Guido and I are motoring over to Tampa for a funeral. Her uncle — her father’s sister’s second husband — gave it up Thursday morning after a long downhill slide.
This means her aunt will have buried 2 husbands, 2 siblings, and 1 child, not to mention her own parents, uncles, aunts, etc. That sounds like too much grief for one life. I mean, it’s great to lead a long life, but there’s clearly a downside, on the assumption that watching loved ones die somehow bothers you.
Whenever I attend funerals, I’m struck by the fact that lots of old people always show up. I’m convinced some just come for the free coffee, but I wonder how many old timers consider their presence at elderly acquaintances’ send-offs something like a victory lap. “I outlived ya, loser! Gotcha last!”
I’ve also observed, not without alarm, that with each funeral I find myself at, I’m outnumbered by greater and greater ratios by younger people. In the case of family, where it used to uncles and aunts, now it’s nephews, nieces, and children of cousins. Are these little strangers with my last name actually my relatives? And how did my goofy little cousins wind up with such knock-out spouses? (They ask me the same damn question. In fact, from the very first they specifically asked Guido what the hell she was doing with a lowlife like me. These are my family, remember.)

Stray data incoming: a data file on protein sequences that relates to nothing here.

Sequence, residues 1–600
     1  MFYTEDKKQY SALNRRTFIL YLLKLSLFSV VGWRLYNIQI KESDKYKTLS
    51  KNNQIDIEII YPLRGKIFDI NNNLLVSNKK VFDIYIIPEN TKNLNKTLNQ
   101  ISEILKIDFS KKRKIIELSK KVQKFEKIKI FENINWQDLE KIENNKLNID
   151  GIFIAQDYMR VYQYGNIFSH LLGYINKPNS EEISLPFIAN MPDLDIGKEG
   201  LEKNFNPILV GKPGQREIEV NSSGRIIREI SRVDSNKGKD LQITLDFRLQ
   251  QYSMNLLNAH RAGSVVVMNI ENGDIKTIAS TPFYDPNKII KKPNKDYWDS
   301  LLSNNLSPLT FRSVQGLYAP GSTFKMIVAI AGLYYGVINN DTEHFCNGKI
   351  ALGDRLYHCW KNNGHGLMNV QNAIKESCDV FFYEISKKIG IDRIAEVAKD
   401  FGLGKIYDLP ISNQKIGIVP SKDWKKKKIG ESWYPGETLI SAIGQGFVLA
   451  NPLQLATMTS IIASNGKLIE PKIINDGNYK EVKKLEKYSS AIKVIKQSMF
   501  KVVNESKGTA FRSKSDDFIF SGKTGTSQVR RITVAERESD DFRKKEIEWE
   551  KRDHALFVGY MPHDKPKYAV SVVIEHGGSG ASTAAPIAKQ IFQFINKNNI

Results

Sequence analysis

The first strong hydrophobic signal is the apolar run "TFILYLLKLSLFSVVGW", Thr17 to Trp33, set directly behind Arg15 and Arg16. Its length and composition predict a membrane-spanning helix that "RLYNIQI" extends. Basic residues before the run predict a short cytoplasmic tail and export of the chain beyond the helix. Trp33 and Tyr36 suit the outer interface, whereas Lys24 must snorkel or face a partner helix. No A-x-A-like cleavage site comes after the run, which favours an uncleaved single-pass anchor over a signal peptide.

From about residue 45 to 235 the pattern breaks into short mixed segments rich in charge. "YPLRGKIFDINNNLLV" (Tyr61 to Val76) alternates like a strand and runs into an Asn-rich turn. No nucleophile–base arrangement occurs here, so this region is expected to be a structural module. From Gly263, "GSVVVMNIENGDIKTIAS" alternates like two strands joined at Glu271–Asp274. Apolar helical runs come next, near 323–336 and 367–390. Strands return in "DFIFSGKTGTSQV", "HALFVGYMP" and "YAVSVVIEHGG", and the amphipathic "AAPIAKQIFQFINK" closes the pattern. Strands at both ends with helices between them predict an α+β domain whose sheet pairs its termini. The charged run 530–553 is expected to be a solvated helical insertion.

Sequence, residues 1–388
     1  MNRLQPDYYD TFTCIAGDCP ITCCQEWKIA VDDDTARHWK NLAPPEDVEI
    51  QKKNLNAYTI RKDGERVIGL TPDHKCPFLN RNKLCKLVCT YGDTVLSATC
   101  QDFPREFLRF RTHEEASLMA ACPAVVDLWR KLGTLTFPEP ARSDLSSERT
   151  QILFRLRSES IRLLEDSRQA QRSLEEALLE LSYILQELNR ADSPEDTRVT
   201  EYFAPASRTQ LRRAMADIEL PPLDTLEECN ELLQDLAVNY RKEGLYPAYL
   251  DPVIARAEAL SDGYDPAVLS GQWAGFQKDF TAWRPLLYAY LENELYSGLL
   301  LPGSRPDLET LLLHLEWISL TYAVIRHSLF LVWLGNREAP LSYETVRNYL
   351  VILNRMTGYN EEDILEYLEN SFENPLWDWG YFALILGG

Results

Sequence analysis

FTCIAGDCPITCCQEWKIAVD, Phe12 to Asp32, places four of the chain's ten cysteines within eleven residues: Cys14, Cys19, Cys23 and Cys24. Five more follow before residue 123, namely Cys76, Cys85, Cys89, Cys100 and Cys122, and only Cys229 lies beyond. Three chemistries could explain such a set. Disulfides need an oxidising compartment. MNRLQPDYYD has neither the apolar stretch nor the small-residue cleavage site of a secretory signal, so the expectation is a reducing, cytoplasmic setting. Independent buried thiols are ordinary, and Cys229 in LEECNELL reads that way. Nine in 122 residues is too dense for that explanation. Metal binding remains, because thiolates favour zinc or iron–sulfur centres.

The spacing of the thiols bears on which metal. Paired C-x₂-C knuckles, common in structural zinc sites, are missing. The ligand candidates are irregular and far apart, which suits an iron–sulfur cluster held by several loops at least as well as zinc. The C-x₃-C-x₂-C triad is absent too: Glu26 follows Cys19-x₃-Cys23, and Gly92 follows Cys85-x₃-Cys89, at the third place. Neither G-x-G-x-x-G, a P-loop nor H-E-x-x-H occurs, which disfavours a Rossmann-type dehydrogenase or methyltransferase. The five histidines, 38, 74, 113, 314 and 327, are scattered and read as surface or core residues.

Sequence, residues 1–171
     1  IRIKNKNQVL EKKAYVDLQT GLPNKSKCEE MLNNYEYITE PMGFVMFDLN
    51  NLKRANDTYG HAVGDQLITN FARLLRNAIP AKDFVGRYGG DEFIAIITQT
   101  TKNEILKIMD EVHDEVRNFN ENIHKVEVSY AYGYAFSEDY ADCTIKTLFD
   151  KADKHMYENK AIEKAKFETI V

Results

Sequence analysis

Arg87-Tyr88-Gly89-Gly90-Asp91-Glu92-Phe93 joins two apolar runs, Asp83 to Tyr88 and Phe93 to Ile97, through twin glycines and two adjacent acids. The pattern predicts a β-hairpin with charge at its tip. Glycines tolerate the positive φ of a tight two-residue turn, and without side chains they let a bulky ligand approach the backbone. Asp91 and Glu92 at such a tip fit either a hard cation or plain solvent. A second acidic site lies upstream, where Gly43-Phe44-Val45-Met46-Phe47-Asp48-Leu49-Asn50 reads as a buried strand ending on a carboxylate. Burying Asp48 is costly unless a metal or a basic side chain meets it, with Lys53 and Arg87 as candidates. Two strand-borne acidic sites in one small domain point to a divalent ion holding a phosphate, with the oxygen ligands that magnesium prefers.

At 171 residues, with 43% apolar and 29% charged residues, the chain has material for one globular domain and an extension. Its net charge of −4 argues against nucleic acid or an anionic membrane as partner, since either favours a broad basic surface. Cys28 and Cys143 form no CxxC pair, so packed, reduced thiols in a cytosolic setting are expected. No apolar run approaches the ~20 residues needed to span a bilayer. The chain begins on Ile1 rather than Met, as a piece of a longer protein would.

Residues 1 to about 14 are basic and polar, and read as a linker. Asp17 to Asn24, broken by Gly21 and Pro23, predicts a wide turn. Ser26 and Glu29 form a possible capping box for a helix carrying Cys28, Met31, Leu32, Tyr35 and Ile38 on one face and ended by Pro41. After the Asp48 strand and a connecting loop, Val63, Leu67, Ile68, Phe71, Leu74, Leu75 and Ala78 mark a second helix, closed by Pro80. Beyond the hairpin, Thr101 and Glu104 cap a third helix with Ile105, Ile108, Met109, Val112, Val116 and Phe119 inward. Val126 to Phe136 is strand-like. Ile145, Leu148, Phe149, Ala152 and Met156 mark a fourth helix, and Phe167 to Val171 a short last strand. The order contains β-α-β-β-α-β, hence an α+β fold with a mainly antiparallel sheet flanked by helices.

My oldest living relative is an uncle — he’s 90, and still playing basketball (he was a pro, spending time in the NBA with the old Baltimore Bullets, among others). He and his wife of 70 years raised a flock of kids who are my first cousins, all of whom have children, some with grandchildren. Technically, we’re cousins, too. There’s an outside chance they’ll come to MY funeral, and they’ll ask their grandparents, “Who was he? What was he like?”
No need to hire a holy joe to sing my praises. Guido can tell them whatever lies she likes. Of course, this means she has to outlive me. Of course, there’s no doubt she will.
The upside is, we’ll get to see family again, and as is the case with any final send-off that concludes a long period of decline and suffering, grief will be mitigated by relief. At last it’s finished. The end of doctors’ visits, medications, tests, paperwork, bottomless spending. His troubles are over, and the family goes on.
This is the Italian side, too. There might be some mild drinking.